The municipality of Steinen in the southern part of the Black Forest uses on average 1,800 cubic meters of drinking water per day – half from deep wells and half from around 30 springs. Persistent droughts in recent weeks have led to a significant shift in this distribution. “At the moment we get around one-fourth of the drinking water from the springs – the remainder we can cover with the deep wells,” says water specialist Axel Grether. While water levels in the springs are fluctuating heavily, to date the deep wells have remained quite stable despite the ongoing drought. The level dropped only 50 centimeters between January and the end of July.
“This gives us an edge over other communities whose only source of water is springs,” says Dietmar Thurn, head of the building authority. The municipality with a population of 10,000 also modernized the water network and installed pump lines and numerous measurement instruments from Endress+Hauser in recent years to monitor the flow and quality of the water. The measurement values are available in real time, providing a better and much faster way to identify and contain leaks in the network. “We’re well positioned for the coming years thanks to these investments,” explains Dietmar Thurn. Districts such as Endenburg, part of which sits more than 900 meters above sea level, can now be serviced from the deep wells in case the supply from the local springs is temporarily insufficient. Thanks to the measurement instruments, municipal employees can view a display screen in the central water treatment plant in Steinen to determine how much volume is being discharged from the springs. “In the past we had normal meters without data transmission. Now we see the values down to the second, plus we don’t have to drive to the catchment chambers as often, which is a big step forward,” reports Alex Grether.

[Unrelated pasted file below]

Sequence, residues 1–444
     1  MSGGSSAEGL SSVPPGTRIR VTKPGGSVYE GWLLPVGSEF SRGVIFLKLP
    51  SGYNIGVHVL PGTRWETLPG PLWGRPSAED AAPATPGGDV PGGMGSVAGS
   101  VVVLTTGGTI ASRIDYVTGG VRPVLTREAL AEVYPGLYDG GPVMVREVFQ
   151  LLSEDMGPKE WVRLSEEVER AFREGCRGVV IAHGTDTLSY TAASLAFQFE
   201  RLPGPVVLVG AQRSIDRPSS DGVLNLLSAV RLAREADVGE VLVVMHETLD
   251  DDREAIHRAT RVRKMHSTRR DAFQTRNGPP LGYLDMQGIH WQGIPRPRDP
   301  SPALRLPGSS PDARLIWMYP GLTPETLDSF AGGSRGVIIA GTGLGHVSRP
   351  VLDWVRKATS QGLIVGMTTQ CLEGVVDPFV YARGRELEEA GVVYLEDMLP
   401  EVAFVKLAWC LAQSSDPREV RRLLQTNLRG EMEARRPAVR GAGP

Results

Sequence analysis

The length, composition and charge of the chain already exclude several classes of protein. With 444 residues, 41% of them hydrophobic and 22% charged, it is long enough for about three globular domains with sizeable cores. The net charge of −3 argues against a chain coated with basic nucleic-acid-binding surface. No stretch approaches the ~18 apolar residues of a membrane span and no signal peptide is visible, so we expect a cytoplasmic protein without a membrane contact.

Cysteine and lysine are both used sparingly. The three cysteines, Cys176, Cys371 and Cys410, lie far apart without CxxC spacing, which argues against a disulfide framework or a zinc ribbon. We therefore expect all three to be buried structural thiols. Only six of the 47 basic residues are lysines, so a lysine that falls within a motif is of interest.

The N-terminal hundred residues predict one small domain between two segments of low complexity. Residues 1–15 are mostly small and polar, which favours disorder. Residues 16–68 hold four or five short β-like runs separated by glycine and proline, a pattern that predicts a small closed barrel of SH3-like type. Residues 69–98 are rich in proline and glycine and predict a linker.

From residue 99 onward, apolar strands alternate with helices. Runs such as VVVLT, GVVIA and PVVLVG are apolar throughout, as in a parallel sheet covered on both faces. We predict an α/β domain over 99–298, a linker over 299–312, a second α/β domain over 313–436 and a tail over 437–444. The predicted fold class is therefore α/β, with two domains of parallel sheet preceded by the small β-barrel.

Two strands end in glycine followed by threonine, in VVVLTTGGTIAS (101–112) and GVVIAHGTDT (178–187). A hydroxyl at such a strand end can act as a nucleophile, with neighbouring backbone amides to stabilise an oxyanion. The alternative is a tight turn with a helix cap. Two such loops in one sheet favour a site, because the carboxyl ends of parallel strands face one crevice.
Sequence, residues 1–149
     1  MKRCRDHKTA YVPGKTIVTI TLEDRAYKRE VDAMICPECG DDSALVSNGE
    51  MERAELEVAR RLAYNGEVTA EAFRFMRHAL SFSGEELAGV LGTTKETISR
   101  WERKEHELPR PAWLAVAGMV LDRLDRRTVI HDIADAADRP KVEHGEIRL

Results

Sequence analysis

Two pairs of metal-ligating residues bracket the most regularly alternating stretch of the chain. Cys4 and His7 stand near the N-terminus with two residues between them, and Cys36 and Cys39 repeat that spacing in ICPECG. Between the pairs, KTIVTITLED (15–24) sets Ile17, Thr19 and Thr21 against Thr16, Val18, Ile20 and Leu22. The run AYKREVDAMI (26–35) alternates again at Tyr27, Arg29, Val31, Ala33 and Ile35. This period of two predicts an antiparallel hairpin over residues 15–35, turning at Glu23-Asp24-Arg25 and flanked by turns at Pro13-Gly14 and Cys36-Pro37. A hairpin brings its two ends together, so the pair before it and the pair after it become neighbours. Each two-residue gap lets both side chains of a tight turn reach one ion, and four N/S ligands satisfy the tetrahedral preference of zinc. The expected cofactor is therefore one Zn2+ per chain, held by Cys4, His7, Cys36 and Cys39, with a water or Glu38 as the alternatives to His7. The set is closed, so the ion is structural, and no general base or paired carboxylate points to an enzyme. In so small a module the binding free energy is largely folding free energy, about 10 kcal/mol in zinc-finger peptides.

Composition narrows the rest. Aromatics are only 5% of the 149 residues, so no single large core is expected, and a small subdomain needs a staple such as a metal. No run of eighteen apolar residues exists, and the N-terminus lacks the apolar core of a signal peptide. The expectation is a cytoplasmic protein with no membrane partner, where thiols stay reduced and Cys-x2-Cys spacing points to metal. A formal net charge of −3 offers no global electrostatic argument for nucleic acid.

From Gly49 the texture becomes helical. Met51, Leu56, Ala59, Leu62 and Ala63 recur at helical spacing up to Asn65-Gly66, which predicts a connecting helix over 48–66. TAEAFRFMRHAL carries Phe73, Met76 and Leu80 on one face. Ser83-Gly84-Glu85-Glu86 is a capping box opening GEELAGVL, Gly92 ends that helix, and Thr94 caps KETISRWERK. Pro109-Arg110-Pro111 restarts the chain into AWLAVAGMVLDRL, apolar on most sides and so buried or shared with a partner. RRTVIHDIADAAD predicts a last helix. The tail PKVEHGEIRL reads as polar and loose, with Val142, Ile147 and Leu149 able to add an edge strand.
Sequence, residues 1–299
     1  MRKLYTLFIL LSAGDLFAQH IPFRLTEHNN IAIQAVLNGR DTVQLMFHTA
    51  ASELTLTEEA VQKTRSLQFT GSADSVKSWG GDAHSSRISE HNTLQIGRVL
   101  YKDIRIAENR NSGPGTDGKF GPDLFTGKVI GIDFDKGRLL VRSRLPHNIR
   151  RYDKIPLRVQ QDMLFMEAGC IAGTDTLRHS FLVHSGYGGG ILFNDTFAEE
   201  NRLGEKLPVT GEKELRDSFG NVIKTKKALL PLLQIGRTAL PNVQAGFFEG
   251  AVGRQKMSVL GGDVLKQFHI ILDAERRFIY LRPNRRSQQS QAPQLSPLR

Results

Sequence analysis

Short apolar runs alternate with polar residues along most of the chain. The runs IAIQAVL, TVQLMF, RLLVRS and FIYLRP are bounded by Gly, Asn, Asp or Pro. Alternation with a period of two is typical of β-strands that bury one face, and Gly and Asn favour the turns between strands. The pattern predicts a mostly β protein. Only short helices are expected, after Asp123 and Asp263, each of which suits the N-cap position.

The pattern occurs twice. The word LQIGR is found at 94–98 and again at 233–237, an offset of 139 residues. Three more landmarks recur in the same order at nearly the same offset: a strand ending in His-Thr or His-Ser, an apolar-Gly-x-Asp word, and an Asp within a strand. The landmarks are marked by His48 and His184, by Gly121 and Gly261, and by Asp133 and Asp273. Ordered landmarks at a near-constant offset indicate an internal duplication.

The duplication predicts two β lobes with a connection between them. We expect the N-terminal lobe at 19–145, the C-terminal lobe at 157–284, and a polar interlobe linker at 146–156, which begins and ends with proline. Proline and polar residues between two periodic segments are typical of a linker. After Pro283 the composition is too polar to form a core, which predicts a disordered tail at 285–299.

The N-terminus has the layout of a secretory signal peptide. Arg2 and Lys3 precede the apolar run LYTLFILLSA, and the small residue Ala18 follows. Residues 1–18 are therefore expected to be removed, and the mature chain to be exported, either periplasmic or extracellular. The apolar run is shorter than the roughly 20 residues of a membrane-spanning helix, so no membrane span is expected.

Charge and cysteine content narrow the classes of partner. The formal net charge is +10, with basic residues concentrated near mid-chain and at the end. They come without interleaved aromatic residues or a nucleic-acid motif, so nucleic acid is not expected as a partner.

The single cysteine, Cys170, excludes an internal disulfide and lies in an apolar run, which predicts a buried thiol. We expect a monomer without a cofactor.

NEW SPRINGS UNDER CONSTANT MONITORING
As well as being displayed on the instrument, the measurement values can be retrieved with a tablet. While Steinen believes the municipality is in a good position, climate change is nevertheless forcing them to think about the future. “We don’t know how things will look in 10 years,” explains Dietmar Thurn. To prepare for possible shortages, Steinen is currently employing prototype flowmeters in cooperation with Endress+Hauser for long-term monitoring of two springs in the districts of Weitenau and Schlächtenhaus. Although once part of the regular water supply, these springs are now only being used as a reserve for firefighting because the quality does not adhere to the latest drinking water regulations. “Permanent use of these springs requires costly water treatment,” adds Axel Grether. The water specialist is interested in how the persistent drought period is impacting the springs. Thanks to the integrated mobile connection, he can access the collected data via a smartphone.